A daily game of dodgem cars

If you're a motorist with a daily commute, you will by now have noticed that the schools have returned from the summer holidays.

Wednesday, 14th September 2016, 8:00 am
Updated Thursday, 15th September 2016, 4:04 pm
It's alright Jack!

And you will also have noticed that a decent percentage of parents or others responsible for taking their little dears to school simply do not care about other road users or, indeed, pedestrians going about their daily business.

My drive to work goes close to five schools of various sizes and shapes.

And already it has turned into something akin to a game of dodgems as inconsiderate parents double park, park on double yellow lines, park on the zig-zag areas close to schools which are specifically designed to keep children safe and, in one instance I spotted on Tuesday morning, park right on top of a zebra crossing.

That'll do!

Family life first thing in the morning can be a real strain on parents and children alike.

Getting everybody ready to be out of the door with everything they need for the day ahead at the right time can be a real test.

Only the slightest delay can throw everything into a state of confusion, leaving everyone dashing to get out of the door, into the car and on their way to school.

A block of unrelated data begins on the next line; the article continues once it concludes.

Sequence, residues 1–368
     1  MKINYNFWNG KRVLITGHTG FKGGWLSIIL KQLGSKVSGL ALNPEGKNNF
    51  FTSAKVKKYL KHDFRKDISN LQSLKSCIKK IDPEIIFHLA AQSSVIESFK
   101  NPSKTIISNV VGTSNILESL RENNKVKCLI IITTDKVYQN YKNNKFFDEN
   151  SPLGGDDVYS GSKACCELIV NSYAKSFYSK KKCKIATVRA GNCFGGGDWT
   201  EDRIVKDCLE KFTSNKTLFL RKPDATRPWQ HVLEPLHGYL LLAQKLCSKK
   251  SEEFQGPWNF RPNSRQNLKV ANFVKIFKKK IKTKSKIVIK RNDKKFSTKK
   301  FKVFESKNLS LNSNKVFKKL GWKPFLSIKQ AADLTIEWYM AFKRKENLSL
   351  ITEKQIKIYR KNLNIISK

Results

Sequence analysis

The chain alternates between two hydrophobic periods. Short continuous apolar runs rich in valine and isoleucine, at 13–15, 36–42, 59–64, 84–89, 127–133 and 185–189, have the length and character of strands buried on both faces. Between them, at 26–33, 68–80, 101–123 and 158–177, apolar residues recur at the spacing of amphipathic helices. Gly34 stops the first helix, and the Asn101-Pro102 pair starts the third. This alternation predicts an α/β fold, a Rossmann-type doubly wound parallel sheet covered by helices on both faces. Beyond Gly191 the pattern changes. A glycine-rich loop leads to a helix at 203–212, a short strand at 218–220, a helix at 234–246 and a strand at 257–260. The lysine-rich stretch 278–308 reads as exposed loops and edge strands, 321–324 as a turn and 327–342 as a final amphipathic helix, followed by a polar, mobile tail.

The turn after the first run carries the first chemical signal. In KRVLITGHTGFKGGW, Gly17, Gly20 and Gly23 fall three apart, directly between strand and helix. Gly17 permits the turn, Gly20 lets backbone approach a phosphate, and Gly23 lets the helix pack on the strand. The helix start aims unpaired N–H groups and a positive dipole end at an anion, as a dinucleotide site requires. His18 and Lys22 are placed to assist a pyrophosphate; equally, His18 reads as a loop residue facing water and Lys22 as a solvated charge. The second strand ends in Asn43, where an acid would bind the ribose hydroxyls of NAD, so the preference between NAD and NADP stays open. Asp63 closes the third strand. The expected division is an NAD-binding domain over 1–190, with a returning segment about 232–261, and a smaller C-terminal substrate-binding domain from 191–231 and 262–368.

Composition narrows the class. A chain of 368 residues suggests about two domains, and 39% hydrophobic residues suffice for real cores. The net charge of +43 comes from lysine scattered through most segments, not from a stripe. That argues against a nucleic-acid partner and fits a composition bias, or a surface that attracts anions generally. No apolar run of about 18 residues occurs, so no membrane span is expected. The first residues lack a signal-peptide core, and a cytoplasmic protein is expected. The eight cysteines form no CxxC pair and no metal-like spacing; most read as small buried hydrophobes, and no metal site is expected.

But that does not excuse parents who believe they are a law unto themselves and simply ditch their cars wherever they can to make sure that they are as close as humanly possible to the school gates.

That'll do!

Most schools have “A boards” outside pleading with parents not to park close to them as the area is designed to keep their children safe.

I have, in the past, seen more than one car collide with an “A board” sending it flying across the pavement without a care for the safety of anyone else.

With the five schools I come close to there are at least six, if not seven, school crossing patrols.

And I am always amazed at the parents who run the gauntlet of dodging traffic and dragging their little ones across the road rather than walk 20 yards or so and actually let the lollipop man or lady help them safely on their way to school.